Opposition parties, labor unions dissatisfied with Turkey’s minimum wage hike

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Turkey’s opposition parties and representatives from labor unions have expressed dissatisfaction with a 50 percent increase in the country’s minimum wage for 2022, saying the new minimum wage lags far behind meeting wage earners’ basic needs due to the record depreciation of the Turkish lira and high inflation.

President Recep Tayyip Erdoğan announced the much-awaited decision at a news conference following a meeting with labor union representatives and Labor Ministry officials at his presidential palace in Ankara on Thursday. He said the minimum wage will rise by 50 percent next year to help offset increased living costs.

The monthly net minimum salary will be 4,250 lira ($275), Erdoğan said during the televised press conference. In 2021 it stood at 2,826 lira, equivalent to $380, at the start of the year but has fallen to $186 with the lira’s 51 percent depreciation.

Although the minimum wage hike was 50 percent, it fell short of pleasing opposition parties and some labor unions because the Turkish currency has shed more than half its value since the start of the year — 30 percent in the last month alone — and the annual rate of inflation has surged past 20 percent.

Republican People’s Party (CHP) leader Kemal Kılıçdaroğlu, who visited Felicity Party (SP) leader Temel Karamollaoğlu at SP headquarters in Ankara on Thursday, told reporters that the increase in the minimum wage was low considering the depreciation of the Turkish lira against the US dollar.

He said while a minimum wage earner’s monthly salary, TL 2,826, was worth of $384 at the beginning of 2021, it is now of less value and that the minimum wage should have been at least TL 5,760 considering the current value of the lira against the US dollar.

Kılıçdaroğlu said what matters most is to get inflation under control so that people can make ends meet.

SP leader Karamollaoğlu also said what he finds important is not the amount of the minimum wage but whether a family of four can meet their needs with that amount of money. He said taking the exchange rate into account, the minimum wage seems not to have increased but decreased, expressing hope like Kılıçdaroğlu for lower inflation.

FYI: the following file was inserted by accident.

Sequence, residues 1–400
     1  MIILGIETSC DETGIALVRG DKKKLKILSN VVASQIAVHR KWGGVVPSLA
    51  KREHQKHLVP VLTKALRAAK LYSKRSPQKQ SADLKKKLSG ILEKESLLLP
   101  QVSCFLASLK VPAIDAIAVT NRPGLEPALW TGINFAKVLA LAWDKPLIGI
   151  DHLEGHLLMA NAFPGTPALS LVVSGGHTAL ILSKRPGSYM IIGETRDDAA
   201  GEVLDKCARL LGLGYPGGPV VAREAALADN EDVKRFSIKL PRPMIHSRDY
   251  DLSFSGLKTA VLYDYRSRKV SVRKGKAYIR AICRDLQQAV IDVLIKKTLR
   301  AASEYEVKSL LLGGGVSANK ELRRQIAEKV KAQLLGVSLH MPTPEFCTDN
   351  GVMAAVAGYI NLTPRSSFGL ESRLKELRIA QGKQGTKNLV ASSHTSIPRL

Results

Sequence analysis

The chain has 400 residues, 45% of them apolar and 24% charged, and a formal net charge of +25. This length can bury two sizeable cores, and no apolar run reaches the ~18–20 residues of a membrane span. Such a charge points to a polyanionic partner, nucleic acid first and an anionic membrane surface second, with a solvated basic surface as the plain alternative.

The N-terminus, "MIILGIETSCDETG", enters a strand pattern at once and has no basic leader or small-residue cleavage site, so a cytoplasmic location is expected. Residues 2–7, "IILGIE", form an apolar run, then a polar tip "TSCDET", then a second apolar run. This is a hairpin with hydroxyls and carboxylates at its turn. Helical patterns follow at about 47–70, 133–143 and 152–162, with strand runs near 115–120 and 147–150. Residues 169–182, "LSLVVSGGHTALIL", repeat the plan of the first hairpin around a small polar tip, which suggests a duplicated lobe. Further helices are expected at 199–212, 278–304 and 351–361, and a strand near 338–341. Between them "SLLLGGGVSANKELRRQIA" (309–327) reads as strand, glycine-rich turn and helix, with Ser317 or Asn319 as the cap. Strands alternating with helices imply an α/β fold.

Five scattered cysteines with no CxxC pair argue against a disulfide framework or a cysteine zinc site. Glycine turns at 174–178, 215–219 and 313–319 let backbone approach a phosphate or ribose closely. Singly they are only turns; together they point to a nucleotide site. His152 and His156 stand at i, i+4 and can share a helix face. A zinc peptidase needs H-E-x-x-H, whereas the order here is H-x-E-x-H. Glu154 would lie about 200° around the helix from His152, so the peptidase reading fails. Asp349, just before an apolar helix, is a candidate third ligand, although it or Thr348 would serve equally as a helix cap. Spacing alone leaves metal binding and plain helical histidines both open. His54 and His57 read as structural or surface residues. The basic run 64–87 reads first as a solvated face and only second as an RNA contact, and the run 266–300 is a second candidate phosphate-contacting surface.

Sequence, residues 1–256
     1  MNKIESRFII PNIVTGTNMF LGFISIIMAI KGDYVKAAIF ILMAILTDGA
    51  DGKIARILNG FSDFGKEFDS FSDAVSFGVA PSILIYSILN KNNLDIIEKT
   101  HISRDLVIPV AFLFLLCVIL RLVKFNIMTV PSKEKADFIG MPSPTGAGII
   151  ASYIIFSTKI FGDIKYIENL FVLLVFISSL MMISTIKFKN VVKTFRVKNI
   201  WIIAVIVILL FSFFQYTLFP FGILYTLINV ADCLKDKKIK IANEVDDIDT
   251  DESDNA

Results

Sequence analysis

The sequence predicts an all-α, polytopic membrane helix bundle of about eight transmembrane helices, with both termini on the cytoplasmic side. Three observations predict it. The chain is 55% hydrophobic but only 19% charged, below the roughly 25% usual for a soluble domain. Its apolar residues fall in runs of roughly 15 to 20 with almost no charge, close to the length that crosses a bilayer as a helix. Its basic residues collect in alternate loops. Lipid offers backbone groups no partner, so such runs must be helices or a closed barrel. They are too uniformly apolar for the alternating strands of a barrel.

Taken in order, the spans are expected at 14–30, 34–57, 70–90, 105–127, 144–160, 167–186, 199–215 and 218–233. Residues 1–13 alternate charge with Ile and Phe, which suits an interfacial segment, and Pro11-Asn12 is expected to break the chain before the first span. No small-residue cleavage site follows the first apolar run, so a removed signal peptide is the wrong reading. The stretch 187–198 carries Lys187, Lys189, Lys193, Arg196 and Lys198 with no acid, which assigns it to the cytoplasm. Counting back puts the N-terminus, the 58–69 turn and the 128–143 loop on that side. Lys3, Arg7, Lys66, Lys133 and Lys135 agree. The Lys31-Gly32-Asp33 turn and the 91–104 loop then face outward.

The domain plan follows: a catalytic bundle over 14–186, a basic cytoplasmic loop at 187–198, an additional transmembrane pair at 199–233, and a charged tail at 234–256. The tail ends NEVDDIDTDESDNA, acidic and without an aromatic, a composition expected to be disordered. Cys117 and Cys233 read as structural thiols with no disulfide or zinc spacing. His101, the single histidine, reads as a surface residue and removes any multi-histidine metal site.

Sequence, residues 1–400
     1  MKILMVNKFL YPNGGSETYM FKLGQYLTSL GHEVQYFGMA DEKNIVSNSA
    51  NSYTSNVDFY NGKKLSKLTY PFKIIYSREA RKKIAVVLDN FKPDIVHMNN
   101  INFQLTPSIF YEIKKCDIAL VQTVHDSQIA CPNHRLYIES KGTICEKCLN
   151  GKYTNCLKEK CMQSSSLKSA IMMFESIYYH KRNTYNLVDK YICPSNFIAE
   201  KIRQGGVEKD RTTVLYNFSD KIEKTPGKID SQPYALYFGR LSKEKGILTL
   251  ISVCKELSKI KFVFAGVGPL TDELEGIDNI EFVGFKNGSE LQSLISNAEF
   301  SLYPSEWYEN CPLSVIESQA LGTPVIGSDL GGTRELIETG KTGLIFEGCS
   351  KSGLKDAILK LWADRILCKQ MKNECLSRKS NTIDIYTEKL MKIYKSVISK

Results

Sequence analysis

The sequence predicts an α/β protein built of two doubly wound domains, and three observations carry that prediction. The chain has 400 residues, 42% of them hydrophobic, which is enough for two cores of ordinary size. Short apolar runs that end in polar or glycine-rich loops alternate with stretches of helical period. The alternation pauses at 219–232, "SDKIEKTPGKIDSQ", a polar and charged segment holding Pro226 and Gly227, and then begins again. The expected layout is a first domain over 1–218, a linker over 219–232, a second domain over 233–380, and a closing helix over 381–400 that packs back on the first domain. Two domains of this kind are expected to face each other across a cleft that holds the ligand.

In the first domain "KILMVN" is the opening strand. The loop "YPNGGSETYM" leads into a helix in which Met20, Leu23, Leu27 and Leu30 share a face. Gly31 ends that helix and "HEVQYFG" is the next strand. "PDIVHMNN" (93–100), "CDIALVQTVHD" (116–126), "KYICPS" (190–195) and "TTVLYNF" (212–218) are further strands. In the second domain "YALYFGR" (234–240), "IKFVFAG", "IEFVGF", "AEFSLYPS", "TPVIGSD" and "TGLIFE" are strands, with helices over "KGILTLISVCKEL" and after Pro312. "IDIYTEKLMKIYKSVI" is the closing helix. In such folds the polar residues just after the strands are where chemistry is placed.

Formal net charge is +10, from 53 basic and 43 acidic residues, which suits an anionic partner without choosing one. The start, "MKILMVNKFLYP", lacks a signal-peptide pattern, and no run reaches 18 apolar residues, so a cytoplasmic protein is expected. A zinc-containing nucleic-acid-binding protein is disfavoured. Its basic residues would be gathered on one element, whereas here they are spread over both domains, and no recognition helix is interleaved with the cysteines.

More than 40 percent of all workers in Turkey earn the minimum wage, according to the country’s Social Security Institution.

Opposition DEVA Party leader Ali Babacan, a former finance minister, said minimum wage earners will have their new pay at the end of January and that its value will have shrunk further even before they get it.

“I regret to say it, but Turkey has entered a period of chronic inflation,” said Babacan.

Confederation of Revolutionary Workers’ Unions (DİSK) Chairperson Arzu Çerkezoğlu told the Gazete Duvar news website that the new minimum wage was far from meeting the expectations of the union and its workers.

“What is important is not how much the minimum wage is or at what percentage it has been increased but whether it is sufficient for a worker and their families to support themselves under the current financial circumstances,” said Çerkezoğlu.

She said Turkey is going through a serious economic crisis and it is very obvious that the minimum wage for 2022 is far from sufficient for minimum wage earners. taking the high inflation into account.

The Confederation of Public Employees’ Trade Unions (KESK) also expressed dissatisfaction with the amount of the minimum wage hike, with its co-chairperson Mehmet Bozgeyik finding the increase far below the rate of inflation.

“Taking into account the economic crisis and the price hikes in essential goods and services, this figure is far from sufficient,” he said.

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